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Empire Magazine (2008) Greatest Movies List - #84: L.A Confidential

Gangster films have many things in common, but gangster films set in sunny Los Angeles have a special flavour of their own. It doesn’t matter if the main characters are gun-totting criminals or crooked cops, if the setting is Tinseltown then celebrity culture will be a factor. In the Curtis Hanson directed L.A Confidential (1997) a cop moonlights as an advisor for a popular TV show about cops, a publisher of a tabloid magazine sets up celebrity arrests, and a pimp has a group of prostitutes surgically altered to look like Hollywood actresses. Throw in a femme fatale into the mix and you have one delicious piece of film noir.

If I recall well this was a movie I saw on HBO with my parents a few years after it came out while we were living in South America. The content matter was somewhat mature for my age at the time, but if anything I had more trouble following the storyline since this is an over two-hour movie with lots of characters, plot twists, and betrayals. Like The Dude said, there are a lotta ins, lotta outs, a lotta what-have-yous. However I did understand this was a very morally grey story featuring characters doing bad things for slightly good reasons.

Based on a book by James Ellroy, the story focuses on essentially three main characters and many other supporting characters in 1950s Los Angeles. First off you have the by-the-book cop, sergeant Ed Exley (Guy Pearce), who wants to live up to his father’s reputation even if it means going after other cops. This goes against the way of Wendell “Bud” White (Russell Crowe) who has a habit of beating or killing suspects, especially if they hurt women. Then you have the wildcard, sergeant Jack Vincennes (Kevin Spacey) who doesn’t mind becoming a celebrity with flashy cases and works on a TV show in his spare time. On the side Vincennes also gives information to Sid Hudgens (Danny DeVito), who publishes a celebrity tabloid called Hush-Hush, in order to be in the spotlight.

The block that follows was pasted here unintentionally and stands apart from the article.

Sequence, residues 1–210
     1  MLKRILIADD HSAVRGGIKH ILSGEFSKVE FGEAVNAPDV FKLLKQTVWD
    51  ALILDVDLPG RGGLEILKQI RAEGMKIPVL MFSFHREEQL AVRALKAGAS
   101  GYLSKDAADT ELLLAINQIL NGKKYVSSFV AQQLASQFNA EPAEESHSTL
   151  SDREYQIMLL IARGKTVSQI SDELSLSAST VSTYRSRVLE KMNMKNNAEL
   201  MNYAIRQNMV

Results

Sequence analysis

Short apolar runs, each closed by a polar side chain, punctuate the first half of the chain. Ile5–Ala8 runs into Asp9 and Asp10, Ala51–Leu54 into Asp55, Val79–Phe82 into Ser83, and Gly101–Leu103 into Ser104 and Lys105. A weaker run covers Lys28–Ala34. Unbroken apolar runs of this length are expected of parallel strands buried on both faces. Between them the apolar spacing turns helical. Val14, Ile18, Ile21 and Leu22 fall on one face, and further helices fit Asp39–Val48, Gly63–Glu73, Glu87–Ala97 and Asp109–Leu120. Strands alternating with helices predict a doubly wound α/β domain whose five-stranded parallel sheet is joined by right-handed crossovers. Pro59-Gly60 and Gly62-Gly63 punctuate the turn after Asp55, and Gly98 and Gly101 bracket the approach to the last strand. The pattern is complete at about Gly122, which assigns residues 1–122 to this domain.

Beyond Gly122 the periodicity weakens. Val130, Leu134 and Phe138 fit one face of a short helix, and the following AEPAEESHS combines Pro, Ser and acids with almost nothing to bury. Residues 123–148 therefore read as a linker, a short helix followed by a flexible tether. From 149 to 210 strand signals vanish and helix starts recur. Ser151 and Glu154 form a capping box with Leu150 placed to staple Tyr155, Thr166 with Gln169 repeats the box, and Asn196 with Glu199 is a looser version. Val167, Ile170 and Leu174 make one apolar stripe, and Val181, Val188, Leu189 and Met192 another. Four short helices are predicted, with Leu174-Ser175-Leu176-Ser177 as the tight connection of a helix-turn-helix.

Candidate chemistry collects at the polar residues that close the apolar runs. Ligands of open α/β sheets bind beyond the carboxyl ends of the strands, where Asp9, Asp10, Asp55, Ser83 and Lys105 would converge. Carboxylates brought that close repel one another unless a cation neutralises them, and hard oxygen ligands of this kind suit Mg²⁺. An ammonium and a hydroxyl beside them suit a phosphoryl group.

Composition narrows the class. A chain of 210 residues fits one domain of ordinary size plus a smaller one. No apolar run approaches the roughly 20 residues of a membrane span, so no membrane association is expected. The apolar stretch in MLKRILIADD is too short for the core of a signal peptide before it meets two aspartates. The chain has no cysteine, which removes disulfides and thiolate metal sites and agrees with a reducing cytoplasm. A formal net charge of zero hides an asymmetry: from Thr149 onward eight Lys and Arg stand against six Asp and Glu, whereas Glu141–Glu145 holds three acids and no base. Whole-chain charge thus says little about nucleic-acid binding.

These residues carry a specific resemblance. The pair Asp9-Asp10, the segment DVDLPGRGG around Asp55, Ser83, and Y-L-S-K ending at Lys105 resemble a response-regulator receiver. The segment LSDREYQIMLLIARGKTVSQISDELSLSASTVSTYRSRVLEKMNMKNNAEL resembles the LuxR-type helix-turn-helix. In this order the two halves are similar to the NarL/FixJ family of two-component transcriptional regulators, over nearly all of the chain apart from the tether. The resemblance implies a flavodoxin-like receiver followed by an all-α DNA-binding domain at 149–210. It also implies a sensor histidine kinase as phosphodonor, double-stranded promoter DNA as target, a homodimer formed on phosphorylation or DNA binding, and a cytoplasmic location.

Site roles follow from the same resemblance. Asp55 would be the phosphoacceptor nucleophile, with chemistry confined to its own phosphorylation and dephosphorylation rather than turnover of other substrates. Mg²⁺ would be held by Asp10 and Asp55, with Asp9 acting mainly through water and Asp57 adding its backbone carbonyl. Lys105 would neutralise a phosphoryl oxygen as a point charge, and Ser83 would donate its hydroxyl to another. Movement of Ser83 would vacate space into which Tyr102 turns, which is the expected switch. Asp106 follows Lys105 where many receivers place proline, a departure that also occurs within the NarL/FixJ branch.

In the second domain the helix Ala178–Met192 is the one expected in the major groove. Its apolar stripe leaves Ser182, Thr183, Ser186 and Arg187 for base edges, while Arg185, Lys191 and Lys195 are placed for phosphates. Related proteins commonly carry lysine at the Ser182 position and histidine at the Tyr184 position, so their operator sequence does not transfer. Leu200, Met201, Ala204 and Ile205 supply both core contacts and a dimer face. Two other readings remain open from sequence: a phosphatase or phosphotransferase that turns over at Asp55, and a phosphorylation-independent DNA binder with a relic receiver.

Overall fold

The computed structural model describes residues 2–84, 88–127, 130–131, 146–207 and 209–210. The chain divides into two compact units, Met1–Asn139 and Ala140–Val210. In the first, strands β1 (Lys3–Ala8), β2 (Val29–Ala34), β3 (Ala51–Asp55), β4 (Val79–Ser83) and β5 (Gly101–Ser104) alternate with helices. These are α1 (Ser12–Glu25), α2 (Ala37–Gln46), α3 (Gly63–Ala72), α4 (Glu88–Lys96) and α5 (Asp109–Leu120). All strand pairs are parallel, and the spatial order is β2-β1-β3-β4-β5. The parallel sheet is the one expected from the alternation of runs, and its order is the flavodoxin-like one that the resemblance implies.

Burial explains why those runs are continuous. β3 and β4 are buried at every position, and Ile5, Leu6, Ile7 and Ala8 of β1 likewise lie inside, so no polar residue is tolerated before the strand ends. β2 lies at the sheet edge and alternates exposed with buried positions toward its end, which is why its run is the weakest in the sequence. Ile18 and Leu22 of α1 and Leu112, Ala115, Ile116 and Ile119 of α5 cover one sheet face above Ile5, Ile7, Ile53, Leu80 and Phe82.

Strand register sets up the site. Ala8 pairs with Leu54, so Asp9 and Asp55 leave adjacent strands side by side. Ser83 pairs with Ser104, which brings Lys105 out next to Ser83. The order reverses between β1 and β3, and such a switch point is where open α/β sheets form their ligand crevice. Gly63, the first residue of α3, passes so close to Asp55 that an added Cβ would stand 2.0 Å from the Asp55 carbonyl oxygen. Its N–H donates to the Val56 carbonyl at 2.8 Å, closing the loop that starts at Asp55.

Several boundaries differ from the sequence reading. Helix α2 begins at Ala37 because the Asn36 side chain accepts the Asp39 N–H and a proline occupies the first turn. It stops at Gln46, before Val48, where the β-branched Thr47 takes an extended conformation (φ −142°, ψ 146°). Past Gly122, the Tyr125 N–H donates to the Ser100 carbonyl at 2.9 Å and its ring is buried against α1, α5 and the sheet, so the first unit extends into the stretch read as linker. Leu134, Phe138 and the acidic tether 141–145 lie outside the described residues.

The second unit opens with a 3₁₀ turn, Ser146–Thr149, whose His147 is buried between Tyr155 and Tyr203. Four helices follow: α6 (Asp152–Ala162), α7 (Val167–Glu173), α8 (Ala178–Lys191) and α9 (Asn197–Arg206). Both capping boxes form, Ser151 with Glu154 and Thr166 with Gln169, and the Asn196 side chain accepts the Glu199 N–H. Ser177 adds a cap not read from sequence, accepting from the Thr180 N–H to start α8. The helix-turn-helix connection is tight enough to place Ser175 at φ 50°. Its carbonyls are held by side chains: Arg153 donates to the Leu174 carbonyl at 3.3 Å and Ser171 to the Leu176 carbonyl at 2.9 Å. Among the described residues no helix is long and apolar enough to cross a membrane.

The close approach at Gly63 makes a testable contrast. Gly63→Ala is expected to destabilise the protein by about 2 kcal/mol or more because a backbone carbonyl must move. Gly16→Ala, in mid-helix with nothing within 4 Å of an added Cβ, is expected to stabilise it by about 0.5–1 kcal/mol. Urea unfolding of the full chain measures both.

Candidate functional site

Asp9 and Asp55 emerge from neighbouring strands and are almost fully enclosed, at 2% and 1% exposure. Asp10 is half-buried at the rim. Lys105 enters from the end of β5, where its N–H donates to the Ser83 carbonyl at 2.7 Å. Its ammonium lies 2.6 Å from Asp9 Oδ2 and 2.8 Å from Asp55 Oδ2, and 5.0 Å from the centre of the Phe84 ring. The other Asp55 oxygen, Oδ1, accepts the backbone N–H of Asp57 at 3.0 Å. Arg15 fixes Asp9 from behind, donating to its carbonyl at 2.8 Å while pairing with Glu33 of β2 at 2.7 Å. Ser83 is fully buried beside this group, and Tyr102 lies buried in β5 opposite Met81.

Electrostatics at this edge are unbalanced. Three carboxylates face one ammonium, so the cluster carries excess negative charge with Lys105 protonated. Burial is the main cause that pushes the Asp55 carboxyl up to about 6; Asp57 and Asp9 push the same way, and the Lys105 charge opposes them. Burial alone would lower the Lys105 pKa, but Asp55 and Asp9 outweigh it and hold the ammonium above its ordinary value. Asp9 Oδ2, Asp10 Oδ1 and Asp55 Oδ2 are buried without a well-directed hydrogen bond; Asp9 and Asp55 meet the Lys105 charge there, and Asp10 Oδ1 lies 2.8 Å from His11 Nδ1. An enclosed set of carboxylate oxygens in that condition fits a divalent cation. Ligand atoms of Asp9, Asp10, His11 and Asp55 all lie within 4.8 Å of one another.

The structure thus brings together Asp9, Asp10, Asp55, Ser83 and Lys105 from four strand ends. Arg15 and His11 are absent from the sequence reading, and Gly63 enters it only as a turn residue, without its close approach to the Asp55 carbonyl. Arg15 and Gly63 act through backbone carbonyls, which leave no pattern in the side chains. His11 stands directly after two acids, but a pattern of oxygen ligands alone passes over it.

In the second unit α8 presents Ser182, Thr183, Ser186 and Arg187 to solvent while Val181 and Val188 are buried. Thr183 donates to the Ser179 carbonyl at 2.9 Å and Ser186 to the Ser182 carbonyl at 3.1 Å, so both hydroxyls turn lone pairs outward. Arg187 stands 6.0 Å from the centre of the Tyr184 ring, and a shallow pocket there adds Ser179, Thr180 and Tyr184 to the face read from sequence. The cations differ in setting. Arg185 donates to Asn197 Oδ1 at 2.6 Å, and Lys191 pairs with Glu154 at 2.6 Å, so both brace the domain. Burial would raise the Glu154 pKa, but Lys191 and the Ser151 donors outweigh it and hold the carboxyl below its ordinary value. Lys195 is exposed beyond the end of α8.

The three cops end up getting involved in thick web of corruption and murder involving the criminal empire of gangster Mickey Cohen (Paul Guilfoyle), a prostitute (Kim Basinger) who is made to look like actress Veronica Lake, and corruption within their own department. It is all set off by a massive shootout at a café called the Nite Owl, a very noir name for an establishment. Exley catches up with the supposed killers, earning him the nickname “Shotgun” Ed in the process and making him a hero in the department. However things are of course much more complicated than what they seem.

For their own separate reasons, Exley, White, and Vincennes dig deeper into the case, and start to uncover lies, corruption, and rotting corpses. There is solid character development along the way, from the idealistic Exley realizing things aren’t always black and white, to Vincennes deciding to do some actual police work. There is a good scene between the two when Exley asks Vincennes why he decided to become a cop. The man honestly can’t remember. They also talk about Rollo Tomasi, the name Exley gave to his father’s unknown killer, which later becomes a major plot point that helps identify the movie’s surprise villain.

Amid all the shootings and twists, there is also time for a love triangle of sorts between the violent White, the straight arrow Exley, and the sultry Veronica Lake lookalike Lynn Bracken. This is one of Basinger’s most memorable roles, which has her playing a woman who knows she is beautiful and doesn’t have a hard time making men fall for her. When interacting with White and Exley she says exactly the right thing to get the same result even though she is dealing with two very different cops.

With its very thick script, written by Hanson and Brian Helgeland, L.A Confidential can be revisited multiple times in order to fully understand who was doing what and who was lying to whom at what time. It is also very interesting to see it again 20 years later as it was the big Hollywood breakthrough for Russell Crowe and Guy Pearce, but sadly bittersweet since Hanson died last year. As far legacies go, directing a classic in the L.A noir genre is not bad at all.  


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